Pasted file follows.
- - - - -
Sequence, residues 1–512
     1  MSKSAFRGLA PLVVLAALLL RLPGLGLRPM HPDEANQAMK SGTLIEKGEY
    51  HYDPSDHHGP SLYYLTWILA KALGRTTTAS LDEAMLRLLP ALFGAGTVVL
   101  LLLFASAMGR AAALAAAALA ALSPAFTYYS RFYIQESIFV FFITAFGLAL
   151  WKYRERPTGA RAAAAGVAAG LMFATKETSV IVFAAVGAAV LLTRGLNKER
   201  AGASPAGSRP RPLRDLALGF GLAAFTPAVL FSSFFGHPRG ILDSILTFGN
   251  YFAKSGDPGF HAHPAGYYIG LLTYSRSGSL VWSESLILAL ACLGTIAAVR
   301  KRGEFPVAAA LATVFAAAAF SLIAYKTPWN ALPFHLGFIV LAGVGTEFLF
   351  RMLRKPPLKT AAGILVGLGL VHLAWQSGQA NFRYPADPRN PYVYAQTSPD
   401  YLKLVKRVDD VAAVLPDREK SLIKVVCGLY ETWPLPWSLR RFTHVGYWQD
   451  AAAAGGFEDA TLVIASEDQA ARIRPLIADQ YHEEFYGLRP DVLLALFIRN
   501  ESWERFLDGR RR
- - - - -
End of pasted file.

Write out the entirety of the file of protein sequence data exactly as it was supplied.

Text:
Sequence, residues 1–512
     1  MSKSAFRGLA PLVVLAALLL RLPGLGLRPM HPDEANQAMK SGTLIEKGEY
    51  HYDPSDHHGP SLYYLTWILA KALGRTTTAS LDEAMLRLLP ALFGAGTVVL
   101  LLLFASAMGR AAALAAAALA ALSPAFTYYS RFYIQESIFV FFITAFGLAL
   151  WKYRERPTGA RAAAAGVAAG LMFATKETSV IVFAAVGAAV LLTRGLNKER
   201  AGASPAGSRP RPLRDLALGF GLAAFTPAVL FSSFFGHPRG ILDSILTFGN
   251  YFAKSGDPGF HAHPAGYYIG LLTYSRSGSL VWSESLILAL ACLGTIAAVR
   301  KRGEFPVAAA LATVFAAAAF SLIAYKTPWN ALPFHLGFIV LAGVGTEFLF
   351  RMLRKPPLKT AAGILVGLGL VHLAWQSGQA NFRYPADPRN PYVYAQTSPD
   401  YLKLVKRVDD VAAVLPDREK SLIKVVCGLY ETWPLPWSLR RFTHVGYWQD
   451  AAAAGGFEDA TLVIASEDQA ARIRPLIADQ YHEEFYGLRP DVLLALFIRN
   501  ESWERFLDGR RR